Sixteen years since LeT attacked Red Fort: All you need to know about the terror attack

From Jawaharlal Nehru's historic "At the stroke of midnight" speech on India's independence day in 1947 to Narendra Modi's fiery "India will not bow before terrorism" address, Delhi's Red Fort has always been witness to the greatest moments in Indian history. It has borne the marks of time and watched centuries of change sweep through the country.

But 16 years ago, it was on this day that the premises of the majestic fort were shaken up by gunshots, as Lashkar-e-Taiba militants shelled the military shelter inside the fort, killing two soldiers and one civilian.

 Sixteen years since LeT attacked Red Fort: All you need to know about the terror attack

The historic Red Fort in the old quarters of Delhi, India. Reuters

The assault and the conspiracy

On a winter evening on 22 December, 2000, LeT militants sneaked into the Red Fort on the pretext of watching the light-and-sound show that retells the tale of the historic structure. According to a report in The Hindusix militants, with their arms hidden under leather jackets, entered the Red Fort around 7 pm through the Lahore Gate, the main entrance to the historic structure. They headed to watch the show scheduled for 7:30 pm. However, they later sneaked into the military shelters under the cover of darkness and fog.

According to another report in The Times of India, around 9 pm, the militants started firing indiscriminately on the guards of seventh battalion of Rajputana Rifles, killing two soldiers and a civilian guard. The militants then escaped through the Fort's rear wall.

According to the report, the conspiracy was hatched in Pakistan and funded by top LeT operatives. The report further states that funds were transferred to terrorists through a Delhi-based hawala account operator, who was later nabbed by the Delhi police.

The Hindu report states that the prime accused, Ashfaq Ahmed, set up his base in India and opened a computer centre in Gaffur market as a cover for his activities. He then contacted five other terrorists — Abu Samal, Abu Sadd, Abu Sakhar, Billal and Haider, and set them up at a rented house in Delhi's Batla House area. The terrorists did a recce of the Red Fort, it being a prominent tourist spot.

Ashfaq was later nabbed by the Delhi police based on some notes recovered from behind the Red Fort, according to the report.

The militants, the report states, had come to India on the behest of Pakistan's intelligence wing ISI in 2000. The prime accused Ashfaq Ahmed, lodged at Tihar jail since 2000, came to India and married Rehmana Yousuf Farooqui, a girl of Indian origin. Rehmana was also arrested as she was reportedly in full knowledge of Ashfaq's plan and assisted him. Another militant was later killed in an encounter on 26 December.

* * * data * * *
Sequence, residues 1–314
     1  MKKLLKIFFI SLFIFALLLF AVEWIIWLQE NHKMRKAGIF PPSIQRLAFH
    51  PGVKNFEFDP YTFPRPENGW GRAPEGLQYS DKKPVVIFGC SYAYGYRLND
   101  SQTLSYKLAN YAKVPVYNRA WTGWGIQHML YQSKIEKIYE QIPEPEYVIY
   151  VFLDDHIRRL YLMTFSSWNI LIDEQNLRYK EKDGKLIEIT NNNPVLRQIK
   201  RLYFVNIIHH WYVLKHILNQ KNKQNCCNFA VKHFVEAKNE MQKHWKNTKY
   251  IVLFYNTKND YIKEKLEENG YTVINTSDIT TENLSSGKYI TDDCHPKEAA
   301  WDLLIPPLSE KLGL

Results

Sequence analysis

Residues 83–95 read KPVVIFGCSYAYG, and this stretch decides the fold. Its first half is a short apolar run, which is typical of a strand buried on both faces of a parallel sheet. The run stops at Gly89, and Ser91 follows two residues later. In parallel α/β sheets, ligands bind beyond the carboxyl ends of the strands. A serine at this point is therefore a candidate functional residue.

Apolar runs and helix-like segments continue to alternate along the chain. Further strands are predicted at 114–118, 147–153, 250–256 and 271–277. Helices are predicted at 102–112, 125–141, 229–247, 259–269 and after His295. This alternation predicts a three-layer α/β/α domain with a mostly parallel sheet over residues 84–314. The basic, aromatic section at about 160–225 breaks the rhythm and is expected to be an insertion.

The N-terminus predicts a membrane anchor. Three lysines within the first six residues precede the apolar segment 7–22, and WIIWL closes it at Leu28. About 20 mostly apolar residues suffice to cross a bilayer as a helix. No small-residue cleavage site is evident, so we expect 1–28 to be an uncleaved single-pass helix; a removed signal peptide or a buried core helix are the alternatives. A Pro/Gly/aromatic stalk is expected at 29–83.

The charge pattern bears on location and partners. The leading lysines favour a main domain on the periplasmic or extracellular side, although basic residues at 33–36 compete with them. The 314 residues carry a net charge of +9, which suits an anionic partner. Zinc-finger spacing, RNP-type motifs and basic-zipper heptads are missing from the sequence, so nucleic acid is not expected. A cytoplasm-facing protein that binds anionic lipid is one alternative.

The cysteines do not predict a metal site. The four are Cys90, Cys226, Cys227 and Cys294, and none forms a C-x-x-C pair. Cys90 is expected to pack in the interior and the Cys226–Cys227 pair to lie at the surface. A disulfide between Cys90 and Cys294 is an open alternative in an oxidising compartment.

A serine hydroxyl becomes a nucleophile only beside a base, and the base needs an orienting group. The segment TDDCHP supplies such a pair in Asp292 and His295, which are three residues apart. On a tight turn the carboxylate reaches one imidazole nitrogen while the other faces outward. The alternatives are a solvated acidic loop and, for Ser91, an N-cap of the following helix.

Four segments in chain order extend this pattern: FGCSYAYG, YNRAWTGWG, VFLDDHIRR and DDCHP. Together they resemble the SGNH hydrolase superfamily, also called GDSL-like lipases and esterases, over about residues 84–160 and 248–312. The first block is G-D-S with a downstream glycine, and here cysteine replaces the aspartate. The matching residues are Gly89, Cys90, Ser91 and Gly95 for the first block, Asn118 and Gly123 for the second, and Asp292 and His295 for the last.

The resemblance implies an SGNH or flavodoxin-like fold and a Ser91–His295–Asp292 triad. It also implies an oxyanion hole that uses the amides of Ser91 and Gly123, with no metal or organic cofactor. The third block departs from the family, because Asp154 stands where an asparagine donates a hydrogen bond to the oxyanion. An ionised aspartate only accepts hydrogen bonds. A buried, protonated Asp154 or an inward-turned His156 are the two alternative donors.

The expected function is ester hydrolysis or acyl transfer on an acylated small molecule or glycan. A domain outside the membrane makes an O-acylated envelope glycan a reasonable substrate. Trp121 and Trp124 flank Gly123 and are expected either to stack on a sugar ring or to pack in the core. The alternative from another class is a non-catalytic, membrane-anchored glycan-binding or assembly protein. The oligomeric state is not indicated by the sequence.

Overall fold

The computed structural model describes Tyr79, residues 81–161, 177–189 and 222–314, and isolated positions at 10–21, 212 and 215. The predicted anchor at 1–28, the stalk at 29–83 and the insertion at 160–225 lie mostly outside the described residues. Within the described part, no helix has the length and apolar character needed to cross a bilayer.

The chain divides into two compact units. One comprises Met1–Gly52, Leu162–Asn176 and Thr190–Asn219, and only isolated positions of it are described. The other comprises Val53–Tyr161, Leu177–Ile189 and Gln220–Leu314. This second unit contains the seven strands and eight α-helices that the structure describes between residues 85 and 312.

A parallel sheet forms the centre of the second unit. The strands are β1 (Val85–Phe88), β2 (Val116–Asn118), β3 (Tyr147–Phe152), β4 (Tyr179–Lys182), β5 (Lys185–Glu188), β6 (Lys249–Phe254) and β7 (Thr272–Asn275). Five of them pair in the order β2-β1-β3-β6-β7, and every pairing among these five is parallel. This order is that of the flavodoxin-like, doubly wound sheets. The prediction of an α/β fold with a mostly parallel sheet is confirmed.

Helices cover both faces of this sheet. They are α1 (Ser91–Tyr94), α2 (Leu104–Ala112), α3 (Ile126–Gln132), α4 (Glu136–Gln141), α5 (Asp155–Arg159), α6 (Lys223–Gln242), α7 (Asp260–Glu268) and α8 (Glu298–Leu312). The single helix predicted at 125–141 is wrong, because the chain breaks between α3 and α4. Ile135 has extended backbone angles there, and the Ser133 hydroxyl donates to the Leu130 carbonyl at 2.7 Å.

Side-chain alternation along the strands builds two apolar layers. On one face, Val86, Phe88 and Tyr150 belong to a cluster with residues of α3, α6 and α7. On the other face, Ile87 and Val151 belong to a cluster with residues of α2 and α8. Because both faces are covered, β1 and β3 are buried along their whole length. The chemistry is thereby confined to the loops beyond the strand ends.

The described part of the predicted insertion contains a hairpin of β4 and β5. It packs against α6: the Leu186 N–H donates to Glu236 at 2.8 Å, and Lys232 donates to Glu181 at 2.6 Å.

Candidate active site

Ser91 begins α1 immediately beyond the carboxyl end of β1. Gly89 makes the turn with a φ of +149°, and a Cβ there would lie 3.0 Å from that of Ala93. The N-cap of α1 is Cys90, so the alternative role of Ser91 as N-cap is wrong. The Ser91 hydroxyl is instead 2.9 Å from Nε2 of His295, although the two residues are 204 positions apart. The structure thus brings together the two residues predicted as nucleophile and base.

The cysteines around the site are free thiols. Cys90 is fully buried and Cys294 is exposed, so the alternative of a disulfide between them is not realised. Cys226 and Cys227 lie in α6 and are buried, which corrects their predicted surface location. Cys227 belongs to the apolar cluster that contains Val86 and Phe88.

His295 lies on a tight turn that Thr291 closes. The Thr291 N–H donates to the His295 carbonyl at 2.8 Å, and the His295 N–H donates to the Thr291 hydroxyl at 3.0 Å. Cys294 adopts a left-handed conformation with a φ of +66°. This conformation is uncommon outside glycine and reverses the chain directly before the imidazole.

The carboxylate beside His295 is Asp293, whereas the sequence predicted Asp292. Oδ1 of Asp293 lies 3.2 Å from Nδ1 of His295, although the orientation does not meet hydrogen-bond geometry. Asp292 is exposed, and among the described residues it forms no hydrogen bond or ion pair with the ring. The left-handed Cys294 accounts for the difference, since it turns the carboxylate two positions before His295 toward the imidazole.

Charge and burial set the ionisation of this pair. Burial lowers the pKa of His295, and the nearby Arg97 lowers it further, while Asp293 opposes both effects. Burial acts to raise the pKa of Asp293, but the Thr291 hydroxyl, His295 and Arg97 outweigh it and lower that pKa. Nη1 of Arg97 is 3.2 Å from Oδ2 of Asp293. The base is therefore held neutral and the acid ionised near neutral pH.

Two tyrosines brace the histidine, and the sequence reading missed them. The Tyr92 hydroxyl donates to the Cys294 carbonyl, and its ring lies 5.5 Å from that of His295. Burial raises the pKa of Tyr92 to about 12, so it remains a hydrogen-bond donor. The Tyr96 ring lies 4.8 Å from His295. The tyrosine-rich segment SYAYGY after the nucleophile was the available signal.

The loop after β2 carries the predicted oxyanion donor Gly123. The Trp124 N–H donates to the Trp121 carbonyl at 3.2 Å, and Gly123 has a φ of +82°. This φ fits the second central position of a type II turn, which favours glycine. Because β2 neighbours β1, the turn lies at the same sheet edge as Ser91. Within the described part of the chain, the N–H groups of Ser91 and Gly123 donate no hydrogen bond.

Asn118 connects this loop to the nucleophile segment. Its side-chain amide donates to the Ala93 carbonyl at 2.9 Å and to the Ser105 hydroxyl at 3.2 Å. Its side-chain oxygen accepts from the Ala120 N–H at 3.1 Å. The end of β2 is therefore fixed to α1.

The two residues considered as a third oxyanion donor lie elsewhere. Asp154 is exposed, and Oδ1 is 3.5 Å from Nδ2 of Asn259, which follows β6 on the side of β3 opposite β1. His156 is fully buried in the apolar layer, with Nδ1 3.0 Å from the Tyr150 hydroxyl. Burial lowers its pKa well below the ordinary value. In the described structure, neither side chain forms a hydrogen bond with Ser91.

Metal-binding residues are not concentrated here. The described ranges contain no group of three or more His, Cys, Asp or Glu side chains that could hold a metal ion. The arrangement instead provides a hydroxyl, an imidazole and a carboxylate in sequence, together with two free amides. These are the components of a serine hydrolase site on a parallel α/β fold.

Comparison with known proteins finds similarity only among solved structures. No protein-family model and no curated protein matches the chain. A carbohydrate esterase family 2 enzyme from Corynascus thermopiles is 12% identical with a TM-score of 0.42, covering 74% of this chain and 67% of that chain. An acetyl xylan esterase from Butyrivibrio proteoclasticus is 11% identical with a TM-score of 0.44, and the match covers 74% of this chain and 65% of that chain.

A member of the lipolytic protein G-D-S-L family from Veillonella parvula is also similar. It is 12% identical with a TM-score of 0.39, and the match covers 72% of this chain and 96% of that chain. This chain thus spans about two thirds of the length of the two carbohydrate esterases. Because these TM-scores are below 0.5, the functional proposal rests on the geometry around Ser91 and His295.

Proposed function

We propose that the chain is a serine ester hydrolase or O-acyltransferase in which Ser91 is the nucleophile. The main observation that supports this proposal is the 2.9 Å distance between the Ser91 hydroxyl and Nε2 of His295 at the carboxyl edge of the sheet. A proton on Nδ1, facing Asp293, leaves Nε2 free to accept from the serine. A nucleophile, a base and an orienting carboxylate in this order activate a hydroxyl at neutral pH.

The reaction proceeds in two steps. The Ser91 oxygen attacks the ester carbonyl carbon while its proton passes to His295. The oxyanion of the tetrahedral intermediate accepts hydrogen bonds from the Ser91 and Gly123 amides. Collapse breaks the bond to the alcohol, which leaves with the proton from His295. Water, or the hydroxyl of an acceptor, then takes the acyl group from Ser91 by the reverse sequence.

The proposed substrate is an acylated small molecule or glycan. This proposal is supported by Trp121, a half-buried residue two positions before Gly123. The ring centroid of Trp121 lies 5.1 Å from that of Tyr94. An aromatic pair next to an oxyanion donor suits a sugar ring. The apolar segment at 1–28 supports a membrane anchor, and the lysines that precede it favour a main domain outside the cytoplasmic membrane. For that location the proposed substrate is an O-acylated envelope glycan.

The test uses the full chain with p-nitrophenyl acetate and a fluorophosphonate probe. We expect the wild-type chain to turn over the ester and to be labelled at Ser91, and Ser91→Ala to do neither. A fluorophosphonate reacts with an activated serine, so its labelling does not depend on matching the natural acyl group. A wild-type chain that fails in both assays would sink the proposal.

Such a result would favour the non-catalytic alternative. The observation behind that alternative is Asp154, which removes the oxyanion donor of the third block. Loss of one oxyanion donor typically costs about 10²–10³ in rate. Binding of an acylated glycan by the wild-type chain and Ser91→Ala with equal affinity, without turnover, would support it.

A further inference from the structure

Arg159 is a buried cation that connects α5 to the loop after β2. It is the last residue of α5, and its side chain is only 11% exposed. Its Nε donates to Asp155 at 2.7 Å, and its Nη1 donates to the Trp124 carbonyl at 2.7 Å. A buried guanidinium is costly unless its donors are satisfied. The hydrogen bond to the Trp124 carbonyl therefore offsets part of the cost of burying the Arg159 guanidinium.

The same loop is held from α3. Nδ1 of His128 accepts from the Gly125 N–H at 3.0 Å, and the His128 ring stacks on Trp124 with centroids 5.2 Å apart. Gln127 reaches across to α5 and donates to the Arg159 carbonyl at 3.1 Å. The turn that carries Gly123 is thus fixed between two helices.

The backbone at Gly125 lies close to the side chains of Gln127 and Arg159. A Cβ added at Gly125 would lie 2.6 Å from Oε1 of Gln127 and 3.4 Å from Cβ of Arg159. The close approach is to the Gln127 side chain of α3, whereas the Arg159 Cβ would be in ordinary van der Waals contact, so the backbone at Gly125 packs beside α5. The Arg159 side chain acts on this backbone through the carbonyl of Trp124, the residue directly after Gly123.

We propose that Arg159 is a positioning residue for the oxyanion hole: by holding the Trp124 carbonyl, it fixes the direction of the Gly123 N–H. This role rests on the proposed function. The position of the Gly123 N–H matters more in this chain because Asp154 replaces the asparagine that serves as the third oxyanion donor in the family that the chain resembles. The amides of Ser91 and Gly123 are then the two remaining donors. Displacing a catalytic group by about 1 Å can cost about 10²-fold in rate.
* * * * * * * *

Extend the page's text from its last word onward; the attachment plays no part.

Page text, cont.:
The legal battle

The Delhi police, after conducting an enquiry in the matter, finally filed a chargesheet against Ashfaq and 21 others in February 2001. However, the special sessions court hearing the matter framed charges only against 11, including Ashfaq and Rehmana, according to a report in Hindustan Times. The court sentenced Ashfaq to death, while his four accomplices, including his wife, were give seven years in prison. Two more militants convicted in the case were given a life term.

Ashfaq later approached the Delhi High Court against the verdict. The high court, however, upheld the lower court's verdict and ruled that life sentences should be awarded to Ashfaq for waging a war against the country and murdering three people.

In a rare move, the Supreme Court put Ashfaq's death sentence on hold in April 2014, according to Live Mint. Ashfaq appealed in the apex court that he has already served 13 years in prison, and the death sentence awarded to him would therefore be akin to a double punishment for one crime. He also petitioned that he had been suffering mentally and physically due to the long delays in judicial proceedings.

The apex court's move was deemed rare as it had, in August 2011, upheld the sentence awarded by the sessions court and termed the attack on Red Fort as a "brazen and arrogant assault to overawe India".

However, the Supreme Court in January 2016, took cognisance of Ashfaq's appeal and has admitted his plea for a hearing. The Constitutional bench led by Chief Justice of India TS Thakur, hearing the matter, emphasised the finality of the death sentence and agreed to an open court hearing on why his punishment should be reversed, according to a report in The Indian Express.

As of now, Ashfaq is lodged at Tihar, and is awaiting the Supreme Court's order on his fate.

Updated Date: Dec 22, 2016 21:04:10 IST